A growing number of British students aspiring to become doctors are turning their attention to the home of the fearsome Count Dracula.
An English-taught medical degree at the University of Carol Davila in Bucharest, Romania is becoming more and more attractive for its cheap tuition fees and the prospect of spending six years in a foreign country.
“The system over here is quite traditional, similar to Oxford and Cambridge,” says medical graduate Anil Sachdev
English organisation Plus Med Students helps British students get a place on this medical course. There is more practical work in Romania than the UK, according to Plus Med Students. It adds that qualified students can work in the UK and across the world as doctors without having to sit additional exams – perhaps the most popular aspect of the programme.
The Erasmus programme has been hugely successful in its 25 year history, giving almost three million students the opportunity to study or work in another European country. But in recent years it’s had to endure risks of funding shortfalls due to European governments’ ongoing wrangles over the EU budget.
The Erasmus programme has attracted almost three million students across Europe since 1987
As a record-breaking and ever-increasing number of British students are becoming curious about the possibility of studying in another country, there is growing demand for information about studying abroad.
Three quarters of 16-20-year-old students in the UK would like to know more about their higher education options beyond Britain’s borders, according to recent research by The Student Room.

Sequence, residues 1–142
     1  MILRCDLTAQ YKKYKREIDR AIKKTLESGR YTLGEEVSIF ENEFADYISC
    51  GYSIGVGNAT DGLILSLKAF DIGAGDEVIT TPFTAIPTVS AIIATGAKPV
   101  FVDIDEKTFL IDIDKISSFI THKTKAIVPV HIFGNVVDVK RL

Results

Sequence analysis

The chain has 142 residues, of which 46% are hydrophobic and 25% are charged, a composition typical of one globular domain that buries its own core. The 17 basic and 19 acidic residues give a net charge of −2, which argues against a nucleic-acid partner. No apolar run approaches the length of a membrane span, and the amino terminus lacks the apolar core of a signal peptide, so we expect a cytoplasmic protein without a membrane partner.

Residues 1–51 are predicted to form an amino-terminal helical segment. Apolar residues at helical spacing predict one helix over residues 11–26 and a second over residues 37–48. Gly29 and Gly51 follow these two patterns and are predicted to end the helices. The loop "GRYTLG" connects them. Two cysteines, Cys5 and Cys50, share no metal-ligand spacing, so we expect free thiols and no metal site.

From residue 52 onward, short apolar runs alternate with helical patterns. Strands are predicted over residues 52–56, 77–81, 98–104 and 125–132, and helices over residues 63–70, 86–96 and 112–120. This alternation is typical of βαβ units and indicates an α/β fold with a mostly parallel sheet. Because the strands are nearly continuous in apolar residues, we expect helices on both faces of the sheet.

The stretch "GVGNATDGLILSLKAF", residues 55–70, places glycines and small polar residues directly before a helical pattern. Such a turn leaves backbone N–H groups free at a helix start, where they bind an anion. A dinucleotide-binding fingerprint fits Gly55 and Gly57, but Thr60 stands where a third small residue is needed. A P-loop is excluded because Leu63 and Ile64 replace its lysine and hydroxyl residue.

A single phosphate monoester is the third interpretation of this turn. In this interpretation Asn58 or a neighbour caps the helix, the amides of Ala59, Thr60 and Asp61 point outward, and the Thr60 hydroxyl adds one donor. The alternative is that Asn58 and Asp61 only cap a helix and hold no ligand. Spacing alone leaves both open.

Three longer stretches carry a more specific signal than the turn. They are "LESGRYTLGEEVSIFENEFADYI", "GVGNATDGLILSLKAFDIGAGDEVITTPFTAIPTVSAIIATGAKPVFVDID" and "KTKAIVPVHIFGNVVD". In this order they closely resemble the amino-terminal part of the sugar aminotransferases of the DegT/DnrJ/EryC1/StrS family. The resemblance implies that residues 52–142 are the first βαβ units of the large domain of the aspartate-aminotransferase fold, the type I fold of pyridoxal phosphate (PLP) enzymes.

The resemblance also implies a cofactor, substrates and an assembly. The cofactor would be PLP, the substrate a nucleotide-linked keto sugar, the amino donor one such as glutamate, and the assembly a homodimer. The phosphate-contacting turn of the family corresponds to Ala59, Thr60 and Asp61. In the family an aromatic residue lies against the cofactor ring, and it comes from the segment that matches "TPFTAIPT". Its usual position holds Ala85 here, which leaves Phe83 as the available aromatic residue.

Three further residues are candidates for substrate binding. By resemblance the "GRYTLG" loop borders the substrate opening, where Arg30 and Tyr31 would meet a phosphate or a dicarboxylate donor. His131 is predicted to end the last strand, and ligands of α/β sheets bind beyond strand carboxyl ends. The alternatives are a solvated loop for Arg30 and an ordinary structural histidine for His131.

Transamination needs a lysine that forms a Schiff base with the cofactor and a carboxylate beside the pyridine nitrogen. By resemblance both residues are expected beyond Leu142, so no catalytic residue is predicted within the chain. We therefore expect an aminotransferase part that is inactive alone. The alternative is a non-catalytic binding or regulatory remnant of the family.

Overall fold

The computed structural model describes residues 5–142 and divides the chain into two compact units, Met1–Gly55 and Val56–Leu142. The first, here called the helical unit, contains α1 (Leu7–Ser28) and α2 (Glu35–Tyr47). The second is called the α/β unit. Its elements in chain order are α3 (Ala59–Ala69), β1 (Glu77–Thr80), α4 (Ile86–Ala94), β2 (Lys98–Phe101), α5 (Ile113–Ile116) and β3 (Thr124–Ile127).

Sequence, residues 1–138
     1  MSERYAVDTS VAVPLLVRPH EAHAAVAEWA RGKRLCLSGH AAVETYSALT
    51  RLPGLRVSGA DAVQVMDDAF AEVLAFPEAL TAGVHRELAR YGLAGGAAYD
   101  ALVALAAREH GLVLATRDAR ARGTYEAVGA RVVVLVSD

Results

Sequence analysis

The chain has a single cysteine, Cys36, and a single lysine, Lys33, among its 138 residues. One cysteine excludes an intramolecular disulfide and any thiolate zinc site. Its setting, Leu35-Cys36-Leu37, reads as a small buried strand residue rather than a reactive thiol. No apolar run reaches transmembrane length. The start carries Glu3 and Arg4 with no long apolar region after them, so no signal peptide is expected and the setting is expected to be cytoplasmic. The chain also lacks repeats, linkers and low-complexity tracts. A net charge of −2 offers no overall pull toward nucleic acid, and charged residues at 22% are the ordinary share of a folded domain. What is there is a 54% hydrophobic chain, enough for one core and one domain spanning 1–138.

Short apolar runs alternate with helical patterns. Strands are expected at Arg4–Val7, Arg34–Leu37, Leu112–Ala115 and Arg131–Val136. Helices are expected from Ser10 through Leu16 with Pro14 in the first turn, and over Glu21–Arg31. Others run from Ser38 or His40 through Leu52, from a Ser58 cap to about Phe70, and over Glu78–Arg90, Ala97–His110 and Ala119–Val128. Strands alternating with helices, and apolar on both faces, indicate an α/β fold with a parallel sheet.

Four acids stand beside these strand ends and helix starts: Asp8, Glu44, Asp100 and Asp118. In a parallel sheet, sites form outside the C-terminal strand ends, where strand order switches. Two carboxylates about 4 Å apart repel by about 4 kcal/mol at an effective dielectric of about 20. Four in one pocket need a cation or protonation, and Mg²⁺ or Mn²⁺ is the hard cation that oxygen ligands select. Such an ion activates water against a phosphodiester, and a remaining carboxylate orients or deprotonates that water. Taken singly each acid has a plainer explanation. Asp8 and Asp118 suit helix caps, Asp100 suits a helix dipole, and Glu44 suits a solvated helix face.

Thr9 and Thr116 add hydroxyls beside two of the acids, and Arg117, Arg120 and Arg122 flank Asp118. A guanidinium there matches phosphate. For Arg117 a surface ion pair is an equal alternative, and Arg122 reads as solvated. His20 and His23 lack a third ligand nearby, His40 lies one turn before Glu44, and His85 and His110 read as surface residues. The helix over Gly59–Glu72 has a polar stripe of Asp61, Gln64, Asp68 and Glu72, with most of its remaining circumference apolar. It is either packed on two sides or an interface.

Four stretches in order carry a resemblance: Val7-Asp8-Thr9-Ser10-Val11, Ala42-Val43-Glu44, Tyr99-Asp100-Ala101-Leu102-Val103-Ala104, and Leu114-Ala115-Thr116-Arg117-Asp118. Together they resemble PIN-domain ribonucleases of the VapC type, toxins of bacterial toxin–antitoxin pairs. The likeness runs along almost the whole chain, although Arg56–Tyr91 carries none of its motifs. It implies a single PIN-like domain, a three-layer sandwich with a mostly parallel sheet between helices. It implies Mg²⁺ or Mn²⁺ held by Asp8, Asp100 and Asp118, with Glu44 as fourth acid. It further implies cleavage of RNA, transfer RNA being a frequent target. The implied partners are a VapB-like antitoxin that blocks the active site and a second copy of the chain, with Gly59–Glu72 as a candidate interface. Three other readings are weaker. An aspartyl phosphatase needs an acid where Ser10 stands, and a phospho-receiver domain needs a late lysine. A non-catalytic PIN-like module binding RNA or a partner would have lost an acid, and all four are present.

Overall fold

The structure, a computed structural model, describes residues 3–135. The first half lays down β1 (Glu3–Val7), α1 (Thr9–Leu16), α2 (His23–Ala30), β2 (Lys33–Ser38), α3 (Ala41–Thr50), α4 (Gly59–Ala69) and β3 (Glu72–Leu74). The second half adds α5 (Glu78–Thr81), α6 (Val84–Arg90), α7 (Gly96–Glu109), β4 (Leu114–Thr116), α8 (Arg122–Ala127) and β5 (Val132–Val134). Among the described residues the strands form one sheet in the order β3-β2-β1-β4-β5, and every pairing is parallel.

The University of Groningen in the Netherlands is ranked 83th in the world.
A Star Future
Among the various ways of getting information – Google searches, student forums, foreign university fairs – study abroad talks in colleges are gaining strength.
Foreign universities are becoming increasingly attractive to UK college leavers. Disillusioned with ever more costly higher education at home, many students are looking beyond the UK’s borders to continue their education.
A rising number of UK students are exploring their study abroad options
Almost 52,000 fewer applications were submitted to UCAS this year compared to 2011. Some of the 18-year-old school leavers not starting university in the UK this autumn, but still keen to take their studies further, are beginning to consider completing their higher education abroad.
Thousands of British students visited Europe’s biggest American university fair in London yesterday.
The 35th USA College Day saw more than 150 US universities invade the capital’s Kensington Town Hall. “This is massive,” one student said to her father upon entering the building and realising the stands were located on three floors.
4,500 students visited this year’s USA College Day, hosted by the Fulbright Commission
- Date: Friday and Saturday, 28-29 September 2012
- Time: Friday 4.30pm – 7.30pm and Saturday 9am – 4pm
- Venue: Kensington Town Hall (Hornton Street, London, W8 7NX)
Textbooks and Passports reported back in May on the increased popularity of studying in the United States among British students. Now in its 35th year, USA College Day will be held in partnership with the University of South Florida, i Newspaper and The Independent. This annual event, which is organised by the US-UK Fulbright Commission, is the largest American university fair in the UK.
Students flock to the USA College Day event last year
British students are increasingly turning their attention to study abroad options, as their annual tuition fees hit £9,000 this month and among fears of ending up with debts of more than £40,000.
No wonder then that students are looking beyond Britain’s borders. Seventy-two per cent of UK students are keen to explore different study overseas options, revealed research by The Student Room, commissioned by The Student World. Just over 1,100 people aged 16-20 took part in the study between May and July this year.
University College London has been forced to lower its entry requirements from AAA to ABB as fewer British students apply for places.